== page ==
Gyms and studios have their pick of the digital options that appear to be table stakes in the new normal of hybrid fitness
Back in the halcyon days of 2019, most fitness enthusiasts worked out at a gym or studio. When many gyms were forced to close in early 2020, people rushed to install home gyms, sending sales of workout equipment through the roof. People were also leaving the cities to get more space, allowing the home gyms to hold more gear. Peloton, Hydrow, Tonal and others enjoyed meteoric growth.
Many industry watchers thought there would be a crush of gym members returning to IRL workouts once gyms and studios reopened, reasoning that people would miss the camaraderie and intensity of working out in the same room with an instructor and other people. The general feeling was that once people returned to the office, they’d go back to their old fitness ways, and that spin bike in the home office would become little more than an overpriced clothes rack.
Then an interesting thing happened. People decided that, just as they weren’t willing to go back to the office five days a week, they didn’t want to go back to the gym full-time either. McKinsey & Co. reports that the number of people doing hybrid fitness routines grew by 41% between 2020 and 2022, with many claiming that hybrid training returns better results than just doing in-home or in-gym workouts. And, according to research conducted by on-demand fitness leader Les Mills, almost 60% of fitness enthusiasts now prefer a 60/40 split between gym and home workouts.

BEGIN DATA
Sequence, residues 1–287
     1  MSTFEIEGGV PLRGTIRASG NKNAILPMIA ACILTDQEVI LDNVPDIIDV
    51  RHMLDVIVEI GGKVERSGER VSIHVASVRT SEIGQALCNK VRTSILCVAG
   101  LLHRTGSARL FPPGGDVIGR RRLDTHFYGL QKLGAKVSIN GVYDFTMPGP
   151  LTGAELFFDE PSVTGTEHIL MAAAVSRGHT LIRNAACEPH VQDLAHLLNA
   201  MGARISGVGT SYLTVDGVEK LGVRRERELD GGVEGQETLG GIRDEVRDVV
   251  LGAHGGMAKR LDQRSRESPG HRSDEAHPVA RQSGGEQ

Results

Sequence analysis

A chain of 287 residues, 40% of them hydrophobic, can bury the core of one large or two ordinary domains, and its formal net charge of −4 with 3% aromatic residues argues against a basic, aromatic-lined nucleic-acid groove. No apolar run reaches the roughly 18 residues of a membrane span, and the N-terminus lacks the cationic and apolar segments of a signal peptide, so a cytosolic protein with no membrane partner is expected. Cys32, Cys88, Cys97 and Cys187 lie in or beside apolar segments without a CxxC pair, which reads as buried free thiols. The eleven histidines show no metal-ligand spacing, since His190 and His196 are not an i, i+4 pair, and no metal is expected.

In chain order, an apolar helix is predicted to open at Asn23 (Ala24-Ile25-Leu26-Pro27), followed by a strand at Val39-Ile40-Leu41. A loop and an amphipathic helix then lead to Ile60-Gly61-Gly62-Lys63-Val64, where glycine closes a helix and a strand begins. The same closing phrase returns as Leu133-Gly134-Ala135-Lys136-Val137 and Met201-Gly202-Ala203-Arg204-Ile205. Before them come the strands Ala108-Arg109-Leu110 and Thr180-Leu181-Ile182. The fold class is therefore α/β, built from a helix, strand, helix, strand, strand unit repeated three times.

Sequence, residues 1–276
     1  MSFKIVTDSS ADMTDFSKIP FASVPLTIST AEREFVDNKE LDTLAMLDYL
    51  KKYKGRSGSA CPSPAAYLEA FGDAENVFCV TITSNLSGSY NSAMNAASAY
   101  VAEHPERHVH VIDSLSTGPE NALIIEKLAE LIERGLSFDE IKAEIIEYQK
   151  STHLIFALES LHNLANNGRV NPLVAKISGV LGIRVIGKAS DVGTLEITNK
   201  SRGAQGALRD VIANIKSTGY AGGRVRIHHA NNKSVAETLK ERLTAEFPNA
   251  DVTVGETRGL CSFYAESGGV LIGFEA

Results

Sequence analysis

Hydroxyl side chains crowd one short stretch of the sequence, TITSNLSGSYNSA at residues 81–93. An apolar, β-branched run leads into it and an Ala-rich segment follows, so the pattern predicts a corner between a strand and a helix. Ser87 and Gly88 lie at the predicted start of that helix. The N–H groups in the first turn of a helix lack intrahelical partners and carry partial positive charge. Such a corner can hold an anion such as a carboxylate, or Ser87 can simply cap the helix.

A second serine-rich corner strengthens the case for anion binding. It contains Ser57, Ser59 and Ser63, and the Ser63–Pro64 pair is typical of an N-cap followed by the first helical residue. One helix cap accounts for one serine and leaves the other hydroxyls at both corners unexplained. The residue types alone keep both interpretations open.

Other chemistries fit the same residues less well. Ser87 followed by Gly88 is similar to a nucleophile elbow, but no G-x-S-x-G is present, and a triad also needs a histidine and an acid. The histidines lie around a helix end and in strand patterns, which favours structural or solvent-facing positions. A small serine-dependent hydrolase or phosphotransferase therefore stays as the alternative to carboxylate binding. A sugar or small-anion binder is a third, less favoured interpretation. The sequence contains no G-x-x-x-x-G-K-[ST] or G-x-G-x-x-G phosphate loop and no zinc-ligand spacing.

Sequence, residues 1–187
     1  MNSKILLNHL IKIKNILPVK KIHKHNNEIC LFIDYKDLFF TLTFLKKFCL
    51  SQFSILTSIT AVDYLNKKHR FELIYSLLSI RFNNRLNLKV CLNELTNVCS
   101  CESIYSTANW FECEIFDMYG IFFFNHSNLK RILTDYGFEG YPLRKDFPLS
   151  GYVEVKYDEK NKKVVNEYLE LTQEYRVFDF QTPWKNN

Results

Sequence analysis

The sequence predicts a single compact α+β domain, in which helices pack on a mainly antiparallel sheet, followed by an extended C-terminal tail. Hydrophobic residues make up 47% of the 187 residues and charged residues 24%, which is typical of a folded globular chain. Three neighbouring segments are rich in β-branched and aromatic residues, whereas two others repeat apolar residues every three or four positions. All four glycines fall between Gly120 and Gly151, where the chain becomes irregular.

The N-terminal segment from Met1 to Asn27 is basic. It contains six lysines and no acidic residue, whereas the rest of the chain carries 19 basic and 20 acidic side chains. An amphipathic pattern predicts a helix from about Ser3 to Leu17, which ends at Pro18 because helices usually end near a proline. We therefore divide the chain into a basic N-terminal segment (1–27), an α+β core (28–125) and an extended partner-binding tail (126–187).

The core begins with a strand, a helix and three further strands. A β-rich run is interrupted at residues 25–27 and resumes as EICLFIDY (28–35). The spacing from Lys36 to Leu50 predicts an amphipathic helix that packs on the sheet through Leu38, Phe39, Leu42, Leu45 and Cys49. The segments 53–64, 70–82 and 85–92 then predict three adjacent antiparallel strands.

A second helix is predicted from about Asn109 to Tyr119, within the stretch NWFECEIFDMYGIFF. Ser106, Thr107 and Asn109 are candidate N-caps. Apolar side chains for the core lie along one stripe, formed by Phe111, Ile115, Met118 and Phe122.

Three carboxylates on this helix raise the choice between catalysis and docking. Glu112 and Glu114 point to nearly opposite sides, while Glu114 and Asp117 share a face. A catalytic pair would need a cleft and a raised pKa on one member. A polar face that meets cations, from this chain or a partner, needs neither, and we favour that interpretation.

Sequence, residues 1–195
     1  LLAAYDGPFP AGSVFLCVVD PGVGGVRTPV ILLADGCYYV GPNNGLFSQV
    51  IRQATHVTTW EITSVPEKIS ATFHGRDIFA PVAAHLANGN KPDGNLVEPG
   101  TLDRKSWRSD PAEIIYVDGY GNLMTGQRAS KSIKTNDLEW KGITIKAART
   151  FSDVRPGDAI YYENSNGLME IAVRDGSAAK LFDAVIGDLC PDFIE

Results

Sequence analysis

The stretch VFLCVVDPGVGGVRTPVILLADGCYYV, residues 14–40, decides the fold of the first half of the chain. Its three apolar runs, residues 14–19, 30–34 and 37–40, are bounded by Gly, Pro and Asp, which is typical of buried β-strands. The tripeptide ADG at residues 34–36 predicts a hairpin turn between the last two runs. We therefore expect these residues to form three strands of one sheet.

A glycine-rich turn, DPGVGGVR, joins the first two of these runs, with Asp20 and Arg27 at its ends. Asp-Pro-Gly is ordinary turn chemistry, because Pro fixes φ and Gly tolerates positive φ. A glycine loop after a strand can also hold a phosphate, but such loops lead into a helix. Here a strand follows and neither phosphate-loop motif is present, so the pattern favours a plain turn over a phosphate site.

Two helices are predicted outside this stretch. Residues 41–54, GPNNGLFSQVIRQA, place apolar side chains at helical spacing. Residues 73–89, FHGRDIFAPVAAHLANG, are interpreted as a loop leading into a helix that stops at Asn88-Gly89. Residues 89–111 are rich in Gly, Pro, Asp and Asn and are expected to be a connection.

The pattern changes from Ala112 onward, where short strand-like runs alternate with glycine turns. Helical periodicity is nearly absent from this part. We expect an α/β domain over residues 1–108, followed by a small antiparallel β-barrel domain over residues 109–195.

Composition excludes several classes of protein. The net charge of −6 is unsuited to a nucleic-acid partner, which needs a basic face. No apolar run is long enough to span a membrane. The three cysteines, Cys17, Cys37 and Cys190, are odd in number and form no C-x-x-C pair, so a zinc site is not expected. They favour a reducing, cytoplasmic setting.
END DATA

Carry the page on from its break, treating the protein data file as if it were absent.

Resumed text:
Although most people admit that working out in the gym helps keep them motivated and results in longer workouts, working out at home is a great convenience tradeoff, and allows one to exercise more frequently, efficiently and cost-effectively.
There is growing evidence that hybrid workouts remove a lot of the friction around exercising by eliminating the time to drive to the gym, find a parking spot and wait for a piece of equipment to be free. They offer flexibility and a more varied menu of workout modalities, a huge draw for the Millennial and GenZ fitness enthusiasts that comprise the majority of gym members today. Hybrid workout routines also keep that exercise bike purchased during COVID from completely going to waste!
More Gyms Offering a Branded Omnichannel Experience